Archive for Friday, October 18, 1991


October 18, 1991


When Dallas Murphy looks back at more than 35 years of public law enforcement, he says his most gratifying memory is the way he was accepted by the public.

"I think the best thing is the way I was received by the people in eastern Kansas and in Douglas County in particular," he said Thursday. "I always enjoyed the way I was accepted by the people here; we have some of the best people in the country."

Murphy, 58, retired Sept. 27 from the Douglas County sheriff's office, where he most recently was employed as jail administrator.

He now works in public relations and marketing for Lawrence Security Patrol, 1900 Crossgate.

No replacement has been named for Murphy, according to Sheriff Loren Anderson.

Murphy said that after working many years in the Douglas County Jail and serving as a sheriff's deputy, he is looking forward to the change.

"I'm glad to be in a less stressful job," he said. "I'm looking forward to spending more time with my family and grandsons."

MURPHY started his law enforcement career in 1956 with the Kansas Highway Patrol. He served in the KHP for 14 years, 13 of them in Lawrence, before joining the sheriff's office in 1970, when he was appointed Douglas County undersheriff by then-Sheriff Rex Johnson.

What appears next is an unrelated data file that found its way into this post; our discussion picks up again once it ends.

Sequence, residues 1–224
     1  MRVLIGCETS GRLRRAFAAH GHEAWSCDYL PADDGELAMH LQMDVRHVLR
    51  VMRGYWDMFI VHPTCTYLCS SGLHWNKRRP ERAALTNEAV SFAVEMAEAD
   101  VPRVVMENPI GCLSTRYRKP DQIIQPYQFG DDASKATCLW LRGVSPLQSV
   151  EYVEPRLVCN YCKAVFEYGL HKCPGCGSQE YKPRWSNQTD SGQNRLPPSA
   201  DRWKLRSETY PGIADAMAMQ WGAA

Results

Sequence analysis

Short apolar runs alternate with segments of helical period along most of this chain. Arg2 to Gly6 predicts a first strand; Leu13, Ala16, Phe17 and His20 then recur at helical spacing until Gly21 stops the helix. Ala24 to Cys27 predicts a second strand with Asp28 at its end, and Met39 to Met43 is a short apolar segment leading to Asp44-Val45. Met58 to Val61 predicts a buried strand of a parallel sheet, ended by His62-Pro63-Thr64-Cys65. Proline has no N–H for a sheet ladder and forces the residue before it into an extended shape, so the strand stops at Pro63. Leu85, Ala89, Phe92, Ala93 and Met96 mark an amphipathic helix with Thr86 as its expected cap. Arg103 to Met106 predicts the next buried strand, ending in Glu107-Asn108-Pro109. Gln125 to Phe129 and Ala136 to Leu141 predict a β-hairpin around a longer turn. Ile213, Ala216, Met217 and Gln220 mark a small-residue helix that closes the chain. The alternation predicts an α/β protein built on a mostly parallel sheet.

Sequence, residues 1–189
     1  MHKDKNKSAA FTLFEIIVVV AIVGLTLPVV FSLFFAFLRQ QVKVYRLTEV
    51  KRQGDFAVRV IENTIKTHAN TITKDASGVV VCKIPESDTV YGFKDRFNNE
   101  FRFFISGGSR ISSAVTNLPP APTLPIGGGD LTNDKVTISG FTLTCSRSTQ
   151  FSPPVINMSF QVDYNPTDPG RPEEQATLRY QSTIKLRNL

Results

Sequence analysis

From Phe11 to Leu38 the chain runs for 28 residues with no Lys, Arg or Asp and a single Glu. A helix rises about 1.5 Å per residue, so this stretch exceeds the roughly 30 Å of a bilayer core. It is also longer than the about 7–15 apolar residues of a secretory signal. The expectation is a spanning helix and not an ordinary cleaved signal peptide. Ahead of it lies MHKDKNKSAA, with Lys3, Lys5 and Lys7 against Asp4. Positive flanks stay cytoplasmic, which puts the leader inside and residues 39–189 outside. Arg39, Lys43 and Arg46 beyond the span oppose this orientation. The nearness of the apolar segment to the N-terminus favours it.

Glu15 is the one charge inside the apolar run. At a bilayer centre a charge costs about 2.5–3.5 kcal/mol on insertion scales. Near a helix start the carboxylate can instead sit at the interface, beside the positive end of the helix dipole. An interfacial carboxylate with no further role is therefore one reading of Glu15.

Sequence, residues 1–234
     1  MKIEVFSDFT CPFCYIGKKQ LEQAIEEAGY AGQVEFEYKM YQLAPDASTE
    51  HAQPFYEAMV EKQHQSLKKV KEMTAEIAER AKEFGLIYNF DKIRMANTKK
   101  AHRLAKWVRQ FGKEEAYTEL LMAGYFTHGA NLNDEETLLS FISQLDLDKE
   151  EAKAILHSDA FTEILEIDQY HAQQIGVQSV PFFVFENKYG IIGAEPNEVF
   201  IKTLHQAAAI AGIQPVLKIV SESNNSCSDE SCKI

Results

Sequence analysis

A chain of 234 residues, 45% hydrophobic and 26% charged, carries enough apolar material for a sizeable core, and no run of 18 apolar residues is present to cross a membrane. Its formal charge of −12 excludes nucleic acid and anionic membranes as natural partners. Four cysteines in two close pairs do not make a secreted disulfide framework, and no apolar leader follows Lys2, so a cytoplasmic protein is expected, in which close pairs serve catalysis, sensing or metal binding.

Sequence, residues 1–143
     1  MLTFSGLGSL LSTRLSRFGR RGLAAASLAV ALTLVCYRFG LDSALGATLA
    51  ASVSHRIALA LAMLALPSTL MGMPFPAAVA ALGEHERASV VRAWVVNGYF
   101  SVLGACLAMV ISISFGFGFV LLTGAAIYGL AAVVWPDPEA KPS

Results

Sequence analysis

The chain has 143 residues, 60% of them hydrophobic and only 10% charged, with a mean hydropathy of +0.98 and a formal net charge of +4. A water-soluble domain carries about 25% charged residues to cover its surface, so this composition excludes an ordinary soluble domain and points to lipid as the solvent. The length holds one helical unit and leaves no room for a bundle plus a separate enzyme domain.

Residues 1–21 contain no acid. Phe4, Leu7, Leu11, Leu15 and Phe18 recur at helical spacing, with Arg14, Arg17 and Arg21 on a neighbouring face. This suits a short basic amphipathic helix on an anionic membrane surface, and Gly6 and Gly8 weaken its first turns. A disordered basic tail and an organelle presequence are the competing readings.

Murphy was reassigned to jail administrator when that position was created in 1985.

He waged an unsuccessful campaign for the Republican Party nomination for Douglas County sheriff in 1988. He was defeated in the primary by Anderson, who went on to win the general election and become sheriff.

As jail administrator, Murphy was in charge of about 20 sheriff's officers who monitor and administer the jail, and he was responsible for many of the jail policies and operations.

Murphy said it is unusual for troopers to leave the highway patrol, but the quality of people in the Douglas County sheriff's office was one reason he joined the office.

"I THINK THE quality of the people is outstanding," he said. "I also think the cooperation between the agencies here is important. There is a good cooperation between the Lawrence Police Department, the Kansas University Police Department and the other agencies," he said. "You don't have that in some other places."

Asked what advice he would give to someone contemplating a career in law enforcement, Murphy said, "I think they would want to look long and hard on it. It's kind of a thankless job, and you really have to be dedicated."

Murphy also said serving in law enforcement is more difficult today than in the past because of increased crime, budget problems and because the public has less respect for law enforcement officers.

"In order to be in law enforcement, you really have to want to do it," Murphy said.

Murphy and his wife, Marlys, have three daughters, Kimberly, Lisa and Tracy.

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